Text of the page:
I have been watching the air quality index everyday in recent weeks. As if parents didn’t already have plenty to worry about, families here worry about every breath our children take.
Last winter I called legislators, imploring them to find ways to clean the air. One lawmaker told me it was too expensive because we have to pay for schools. I wondered aloud why the parents of this state, the youngest state in the union, must choose between clean air and literacy.
Enough excuses. Here are some things our legislators should consider.
We are prohibited by law from creating air quality rules stricter than EPA guidelines, and this is a cowardly surrender to the mediocrity of the federal government. In Utah, we have a long tradition of forging our own way, and I want better than what the feds have to offer. I want local people to be making the rules that protect my children, not some agency in Washington.
The Air Quality Board ought to be split into independent regions. The beauty of this state lies in its geographic diversity. What is right for one part of the state may not be right for another. The Wasatch Front has a particularly tight airshed with its mountains and heavily-populated urban areas. It may require stricter air quality guidelines than other parts of the state.
Ban medical waste incinerators such as Stericycle in North Salt Lake. If incineration is such great business, why do eight other states send their waste to North Salt Lake? Why wouldn’t they want their own friendly-neighborhood medical waste incinerator?
Because our state leaders are open to allowing our beautiful valley to be a dumping ground for pollution caused by burning all matter of unmentionable things that come out of hospitals. Other technologies, such as ozone treatment or steam treatment are available to handle medical waste.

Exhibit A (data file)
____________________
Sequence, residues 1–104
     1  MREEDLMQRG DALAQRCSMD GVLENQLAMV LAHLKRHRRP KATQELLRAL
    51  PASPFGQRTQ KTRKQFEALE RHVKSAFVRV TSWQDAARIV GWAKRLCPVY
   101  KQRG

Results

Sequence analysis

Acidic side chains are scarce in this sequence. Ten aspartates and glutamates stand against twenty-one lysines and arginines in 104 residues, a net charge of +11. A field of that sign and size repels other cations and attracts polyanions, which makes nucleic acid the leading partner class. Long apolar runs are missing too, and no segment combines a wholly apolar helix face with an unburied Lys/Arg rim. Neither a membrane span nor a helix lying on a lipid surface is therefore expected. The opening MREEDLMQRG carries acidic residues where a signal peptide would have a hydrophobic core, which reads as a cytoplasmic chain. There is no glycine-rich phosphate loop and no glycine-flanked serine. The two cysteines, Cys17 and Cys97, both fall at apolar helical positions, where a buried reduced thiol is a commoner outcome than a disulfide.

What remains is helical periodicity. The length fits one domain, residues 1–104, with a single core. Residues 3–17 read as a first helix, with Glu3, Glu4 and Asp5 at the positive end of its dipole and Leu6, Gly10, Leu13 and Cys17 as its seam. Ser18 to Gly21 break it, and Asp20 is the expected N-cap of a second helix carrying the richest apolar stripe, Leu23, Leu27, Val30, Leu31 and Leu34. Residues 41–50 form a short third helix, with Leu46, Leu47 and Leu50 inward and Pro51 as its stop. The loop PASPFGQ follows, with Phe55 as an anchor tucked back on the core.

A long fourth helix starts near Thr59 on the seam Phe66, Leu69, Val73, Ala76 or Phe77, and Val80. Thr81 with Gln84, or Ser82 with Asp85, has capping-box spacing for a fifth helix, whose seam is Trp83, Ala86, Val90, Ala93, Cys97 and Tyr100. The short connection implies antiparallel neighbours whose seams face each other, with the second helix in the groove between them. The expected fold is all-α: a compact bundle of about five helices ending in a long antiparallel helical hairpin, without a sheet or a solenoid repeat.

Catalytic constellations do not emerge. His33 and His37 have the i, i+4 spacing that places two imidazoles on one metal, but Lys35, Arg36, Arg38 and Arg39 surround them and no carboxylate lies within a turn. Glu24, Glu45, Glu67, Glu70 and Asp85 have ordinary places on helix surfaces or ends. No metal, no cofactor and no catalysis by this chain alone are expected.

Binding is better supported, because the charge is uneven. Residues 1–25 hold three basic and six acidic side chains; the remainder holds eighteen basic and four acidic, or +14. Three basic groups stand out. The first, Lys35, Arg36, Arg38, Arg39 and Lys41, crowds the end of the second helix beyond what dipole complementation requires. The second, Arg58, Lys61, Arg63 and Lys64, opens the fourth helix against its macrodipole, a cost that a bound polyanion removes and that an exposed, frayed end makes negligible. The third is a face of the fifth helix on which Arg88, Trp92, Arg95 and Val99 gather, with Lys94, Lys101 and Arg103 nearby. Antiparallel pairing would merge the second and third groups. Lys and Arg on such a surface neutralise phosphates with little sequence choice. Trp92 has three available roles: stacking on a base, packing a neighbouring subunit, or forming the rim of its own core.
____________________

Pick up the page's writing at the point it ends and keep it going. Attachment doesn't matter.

The oil refineries must be moved out of the valley. It is useless to argue about who was here first. The fact is that our city has grown and changed. We are now a dynamic economy drawing tourists from around the world and companies from the international stage — a stage which is increasingly concerned about pollution. Our small refineries are now more a liability than an advantage. It is time to move them out of the valley.
Rein in the pollution from Kennecott. Kennecott draws the absolute best engineers and scientists from around the globe. They surely can figure out ways of mining with near-zero emissions, but we must demand it. They have an opportunity to develop proprietary technologies to keep their business clean, but necessity is the mother of invention.
We the people must demand that if they wish to do business in our valley, they will do it with decreased emissions, and sooner rather than later. We shouldn’t fear them, for what will they do? Pick up their mountain and mine it somewhere else? Of course not.
The parents of Utah deserve better than false choices like schools or clean air. This state’s economy is built on the backs of working mothers and fathers, whose primary concern is the well-being of their children.
This is the year for state leaders to quit wringing their hands in faux despair. This is the year for our state to remember our core value — family — and make the hard decisions necessary to protect our most precious resources.
Please join Utah Moms for Clean Air Jan. 25 at noon at the State Capitol. Send our leaders the message: No more excuses!
Ingrid Griffee is vice president of Utah Moms For Clean Air.
Copyright 2014 The Salt Lake Tribune. All rights reserved. This material may not be published, broadcast, rewritten or redistributed.